The Workers’ Party will hold its national convention on August 4, during which it plans to launch former President Luiz Inácio Lula da Silva as the party’s presidential nominee. On the same day, supporters are being asked to fast for a day – in solidarity with Lula’s most fervent defenders, who will hold a hunger strike against their leader’s incarceration. On April 7, he was arrested and began serving his 12-year sentence for corruption and money laundering.
After Saturday, Brazil will officially be in uncharted waters, having a presidential candidate behind bars and dealing with the possibility of him recording political ads from prison. The former president’s defense team works with a timetable that would allow him to, at the very least, continue as a candidate – even from jail – when the television and radio campaign kicks off in late August.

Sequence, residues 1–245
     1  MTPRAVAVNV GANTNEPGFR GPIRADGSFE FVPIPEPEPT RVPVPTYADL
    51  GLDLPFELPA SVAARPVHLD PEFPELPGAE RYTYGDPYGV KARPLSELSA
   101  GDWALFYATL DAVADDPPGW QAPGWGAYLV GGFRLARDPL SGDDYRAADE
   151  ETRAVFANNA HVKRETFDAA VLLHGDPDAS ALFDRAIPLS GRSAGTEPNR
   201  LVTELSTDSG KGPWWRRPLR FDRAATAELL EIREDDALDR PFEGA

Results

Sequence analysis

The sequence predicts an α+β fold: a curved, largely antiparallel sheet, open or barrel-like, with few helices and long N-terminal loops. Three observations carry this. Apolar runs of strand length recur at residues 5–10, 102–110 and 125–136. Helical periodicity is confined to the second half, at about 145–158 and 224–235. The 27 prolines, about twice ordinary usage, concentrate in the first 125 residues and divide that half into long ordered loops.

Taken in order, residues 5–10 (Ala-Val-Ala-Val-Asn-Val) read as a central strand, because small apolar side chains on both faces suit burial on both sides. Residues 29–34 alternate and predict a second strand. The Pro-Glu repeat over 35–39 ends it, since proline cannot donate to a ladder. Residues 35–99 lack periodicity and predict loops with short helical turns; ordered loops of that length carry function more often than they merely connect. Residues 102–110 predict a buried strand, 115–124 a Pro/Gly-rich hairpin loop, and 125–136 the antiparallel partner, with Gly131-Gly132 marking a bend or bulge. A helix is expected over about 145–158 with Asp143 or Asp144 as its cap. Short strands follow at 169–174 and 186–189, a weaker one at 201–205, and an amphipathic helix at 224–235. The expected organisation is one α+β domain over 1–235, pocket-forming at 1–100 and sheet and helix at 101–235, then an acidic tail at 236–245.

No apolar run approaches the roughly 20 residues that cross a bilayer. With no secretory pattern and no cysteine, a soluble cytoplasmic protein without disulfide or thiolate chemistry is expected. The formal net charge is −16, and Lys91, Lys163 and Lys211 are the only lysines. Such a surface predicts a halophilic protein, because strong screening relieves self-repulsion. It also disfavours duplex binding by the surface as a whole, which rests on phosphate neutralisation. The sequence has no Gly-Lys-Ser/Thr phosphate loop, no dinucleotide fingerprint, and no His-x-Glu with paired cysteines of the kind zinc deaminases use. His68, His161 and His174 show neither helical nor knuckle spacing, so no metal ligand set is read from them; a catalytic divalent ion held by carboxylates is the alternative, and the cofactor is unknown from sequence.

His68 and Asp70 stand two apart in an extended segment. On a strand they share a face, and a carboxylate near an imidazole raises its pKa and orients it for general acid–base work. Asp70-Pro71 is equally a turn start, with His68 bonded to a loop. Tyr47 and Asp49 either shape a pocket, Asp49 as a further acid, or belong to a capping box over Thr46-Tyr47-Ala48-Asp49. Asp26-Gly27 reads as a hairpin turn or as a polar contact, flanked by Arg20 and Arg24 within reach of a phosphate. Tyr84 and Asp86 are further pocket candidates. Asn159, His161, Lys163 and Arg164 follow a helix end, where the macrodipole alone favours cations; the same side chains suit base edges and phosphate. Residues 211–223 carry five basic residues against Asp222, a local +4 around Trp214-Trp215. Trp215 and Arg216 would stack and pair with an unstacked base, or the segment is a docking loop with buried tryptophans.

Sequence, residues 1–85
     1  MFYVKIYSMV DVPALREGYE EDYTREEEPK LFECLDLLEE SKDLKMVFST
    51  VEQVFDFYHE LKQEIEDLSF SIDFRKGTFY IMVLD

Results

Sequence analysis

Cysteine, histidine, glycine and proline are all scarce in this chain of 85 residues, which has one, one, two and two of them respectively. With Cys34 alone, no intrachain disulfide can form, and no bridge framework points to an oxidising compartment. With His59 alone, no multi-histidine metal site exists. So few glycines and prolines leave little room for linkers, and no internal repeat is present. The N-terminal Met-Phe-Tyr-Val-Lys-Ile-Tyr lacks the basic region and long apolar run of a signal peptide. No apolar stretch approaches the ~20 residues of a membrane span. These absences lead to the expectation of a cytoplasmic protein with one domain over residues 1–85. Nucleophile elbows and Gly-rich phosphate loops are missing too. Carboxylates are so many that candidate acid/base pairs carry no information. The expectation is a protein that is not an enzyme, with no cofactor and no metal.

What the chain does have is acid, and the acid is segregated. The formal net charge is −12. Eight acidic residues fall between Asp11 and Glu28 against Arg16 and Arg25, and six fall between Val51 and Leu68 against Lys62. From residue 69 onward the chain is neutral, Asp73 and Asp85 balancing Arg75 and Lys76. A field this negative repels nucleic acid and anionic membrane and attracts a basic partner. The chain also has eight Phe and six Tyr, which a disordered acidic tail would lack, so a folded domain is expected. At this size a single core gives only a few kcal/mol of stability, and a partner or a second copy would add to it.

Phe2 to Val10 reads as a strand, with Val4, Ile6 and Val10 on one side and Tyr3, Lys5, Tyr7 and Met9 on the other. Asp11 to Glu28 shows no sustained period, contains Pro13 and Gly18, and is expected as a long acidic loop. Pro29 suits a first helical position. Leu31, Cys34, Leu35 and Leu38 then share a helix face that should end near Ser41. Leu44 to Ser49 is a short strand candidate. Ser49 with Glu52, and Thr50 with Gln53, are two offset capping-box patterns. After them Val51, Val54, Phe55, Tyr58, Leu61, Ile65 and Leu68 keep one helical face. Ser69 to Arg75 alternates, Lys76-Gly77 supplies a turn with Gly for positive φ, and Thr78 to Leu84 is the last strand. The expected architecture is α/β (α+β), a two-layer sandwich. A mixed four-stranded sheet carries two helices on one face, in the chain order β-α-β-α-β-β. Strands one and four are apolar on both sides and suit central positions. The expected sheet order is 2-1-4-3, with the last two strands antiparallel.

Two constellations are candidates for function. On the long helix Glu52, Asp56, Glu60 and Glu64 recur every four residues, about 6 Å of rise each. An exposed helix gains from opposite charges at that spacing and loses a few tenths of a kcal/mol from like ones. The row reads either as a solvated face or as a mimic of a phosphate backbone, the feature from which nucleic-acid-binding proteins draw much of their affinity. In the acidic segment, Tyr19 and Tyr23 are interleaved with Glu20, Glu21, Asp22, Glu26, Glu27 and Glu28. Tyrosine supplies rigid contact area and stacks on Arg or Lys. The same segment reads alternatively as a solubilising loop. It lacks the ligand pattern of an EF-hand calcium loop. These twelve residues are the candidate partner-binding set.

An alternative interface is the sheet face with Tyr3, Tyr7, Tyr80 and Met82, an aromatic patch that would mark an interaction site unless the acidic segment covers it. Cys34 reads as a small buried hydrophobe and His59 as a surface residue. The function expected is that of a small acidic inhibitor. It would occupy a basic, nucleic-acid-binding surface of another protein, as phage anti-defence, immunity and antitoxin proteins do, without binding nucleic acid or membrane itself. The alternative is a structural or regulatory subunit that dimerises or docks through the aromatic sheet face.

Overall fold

According to the lawyers representing Lula, even if the Superior Electoral Court denies him the right to a candidacy, appeals and possible procedural delays could keep the jailed politician on the ballot for longer. Despite official statements, neither Lula nor the Workers’ Party have much hope that he will remain a candidate on October 7, when voters will head to the polls. But keeping Lula on the race for now is crucial to the party’s strategy. We explain why: